Ursinus College Stomach Bug Update: Classes Set To Resume After Illness Hits 200

The Ursinus College stomach bug is making national headlines as the week begins. The college, located in Pennsylvania, was forced to cancel classes last week as an illness swept the college campus. At least 200 students reported symptoms, which included vomiting and diarrhea. This outbreak forced the college to shut down its dining facilities last Wednesday. The college is located in Collegeville approximately 25 miles from Philadelphia.

According to WFMZ, school officials re-opened one of the dining halls on Thursday, but many of the students that live on campus decided to eat elsewhere. One local restaurant, the Collegeville Diner, has seen an increase in their business since the food poisoning outbreak began.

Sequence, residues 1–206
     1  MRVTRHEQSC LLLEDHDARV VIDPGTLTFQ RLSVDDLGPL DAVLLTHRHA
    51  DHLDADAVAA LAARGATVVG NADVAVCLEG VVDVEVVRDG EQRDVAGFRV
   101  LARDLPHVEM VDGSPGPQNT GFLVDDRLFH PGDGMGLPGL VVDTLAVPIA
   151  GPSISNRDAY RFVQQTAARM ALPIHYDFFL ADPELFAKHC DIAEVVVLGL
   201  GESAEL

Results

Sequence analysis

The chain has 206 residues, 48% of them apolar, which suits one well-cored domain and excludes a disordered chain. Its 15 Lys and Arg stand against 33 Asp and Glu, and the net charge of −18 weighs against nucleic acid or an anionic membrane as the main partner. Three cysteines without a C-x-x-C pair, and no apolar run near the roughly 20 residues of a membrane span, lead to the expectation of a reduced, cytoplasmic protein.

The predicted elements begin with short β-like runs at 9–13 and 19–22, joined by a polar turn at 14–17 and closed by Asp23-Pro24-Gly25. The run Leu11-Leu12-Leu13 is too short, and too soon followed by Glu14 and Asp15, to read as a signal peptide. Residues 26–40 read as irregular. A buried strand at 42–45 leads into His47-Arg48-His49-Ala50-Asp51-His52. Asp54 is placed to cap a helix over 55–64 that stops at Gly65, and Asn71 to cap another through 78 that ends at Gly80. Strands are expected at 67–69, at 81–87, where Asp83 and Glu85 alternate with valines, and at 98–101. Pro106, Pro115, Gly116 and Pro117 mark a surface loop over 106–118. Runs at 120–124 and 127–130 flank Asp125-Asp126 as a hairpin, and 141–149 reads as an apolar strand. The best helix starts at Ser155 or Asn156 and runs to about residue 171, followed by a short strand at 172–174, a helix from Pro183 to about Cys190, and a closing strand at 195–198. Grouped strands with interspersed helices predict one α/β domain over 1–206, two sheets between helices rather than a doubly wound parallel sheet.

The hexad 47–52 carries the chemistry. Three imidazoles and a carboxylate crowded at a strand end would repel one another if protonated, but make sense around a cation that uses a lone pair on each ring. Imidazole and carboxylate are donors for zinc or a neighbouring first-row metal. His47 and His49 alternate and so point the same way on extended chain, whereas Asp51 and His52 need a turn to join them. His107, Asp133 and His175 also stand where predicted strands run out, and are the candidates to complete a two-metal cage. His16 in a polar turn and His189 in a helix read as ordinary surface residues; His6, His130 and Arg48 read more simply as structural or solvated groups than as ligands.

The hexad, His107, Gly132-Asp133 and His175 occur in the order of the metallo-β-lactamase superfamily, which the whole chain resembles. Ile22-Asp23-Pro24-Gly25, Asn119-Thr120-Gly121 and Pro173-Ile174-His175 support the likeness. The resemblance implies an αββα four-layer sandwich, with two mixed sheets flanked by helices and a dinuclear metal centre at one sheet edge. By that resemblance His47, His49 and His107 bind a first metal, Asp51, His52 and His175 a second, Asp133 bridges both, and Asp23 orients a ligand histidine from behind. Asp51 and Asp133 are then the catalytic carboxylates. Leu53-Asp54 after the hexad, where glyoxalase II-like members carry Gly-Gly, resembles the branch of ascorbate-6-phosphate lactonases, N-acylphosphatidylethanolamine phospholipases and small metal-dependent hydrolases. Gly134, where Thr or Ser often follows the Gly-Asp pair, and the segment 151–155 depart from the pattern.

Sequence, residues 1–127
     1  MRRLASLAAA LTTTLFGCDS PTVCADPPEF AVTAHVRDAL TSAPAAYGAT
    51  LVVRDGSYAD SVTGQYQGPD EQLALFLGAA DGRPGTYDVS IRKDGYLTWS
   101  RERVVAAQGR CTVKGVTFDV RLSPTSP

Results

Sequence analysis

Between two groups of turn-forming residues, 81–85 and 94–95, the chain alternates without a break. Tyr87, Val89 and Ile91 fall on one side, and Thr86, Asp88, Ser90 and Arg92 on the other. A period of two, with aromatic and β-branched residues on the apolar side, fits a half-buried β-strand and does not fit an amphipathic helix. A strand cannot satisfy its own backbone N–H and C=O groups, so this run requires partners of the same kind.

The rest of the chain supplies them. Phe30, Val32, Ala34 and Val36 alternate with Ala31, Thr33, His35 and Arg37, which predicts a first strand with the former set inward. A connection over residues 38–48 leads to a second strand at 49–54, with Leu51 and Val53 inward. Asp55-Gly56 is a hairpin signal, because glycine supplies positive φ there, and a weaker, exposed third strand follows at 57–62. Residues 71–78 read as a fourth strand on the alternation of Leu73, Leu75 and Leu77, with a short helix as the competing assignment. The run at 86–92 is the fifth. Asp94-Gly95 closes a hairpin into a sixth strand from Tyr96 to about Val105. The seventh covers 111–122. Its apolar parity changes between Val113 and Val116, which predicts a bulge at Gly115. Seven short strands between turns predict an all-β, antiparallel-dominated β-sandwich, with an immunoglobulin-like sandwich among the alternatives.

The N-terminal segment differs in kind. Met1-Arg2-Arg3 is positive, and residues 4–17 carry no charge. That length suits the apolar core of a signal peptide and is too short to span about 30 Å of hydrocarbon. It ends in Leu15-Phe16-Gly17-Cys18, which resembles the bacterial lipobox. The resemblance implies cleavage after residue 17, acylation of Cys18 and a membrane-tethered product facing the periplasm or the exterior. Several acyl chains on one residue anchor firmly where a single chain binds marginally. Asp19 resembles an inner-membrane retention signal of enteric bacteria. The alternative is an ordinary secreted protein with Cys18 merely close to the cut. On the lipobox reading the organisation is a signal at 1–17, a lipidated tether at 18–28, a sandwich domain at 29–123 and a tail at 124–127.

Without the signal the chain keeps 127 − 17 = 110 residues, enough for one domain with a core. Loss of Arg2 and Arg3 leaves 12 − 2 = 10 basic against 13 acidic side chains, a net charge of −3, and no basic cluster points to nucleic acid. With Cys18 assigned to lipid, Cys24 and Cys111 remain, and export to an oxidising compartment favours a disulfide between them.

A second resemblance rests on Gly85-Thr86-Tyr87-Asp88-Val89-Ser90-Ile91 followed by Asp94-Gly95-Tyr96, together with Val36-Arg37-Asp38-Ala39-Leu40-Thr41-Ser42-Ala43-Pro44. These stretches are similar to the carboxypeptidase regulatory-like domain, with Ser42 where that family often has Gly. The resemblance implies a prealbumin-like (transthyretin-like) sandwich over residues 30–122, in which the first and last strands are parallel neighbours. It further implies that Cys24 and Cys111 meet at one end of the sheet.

Alex Elwahi, a manager at the establishment said, “We had a lot of people here yesterday for dinner from Ursinus College and today we had a bunch of people for lunch.”

According to the Reading Eagle, the health department was brought in to investigate the illness, and they found at least 12 health code violations. Montgomery County Department of Health released their report on the situation at the college, and it detailed those health code violations. A follow up visit made by the health department the following day showed no violations, according to WFMZ.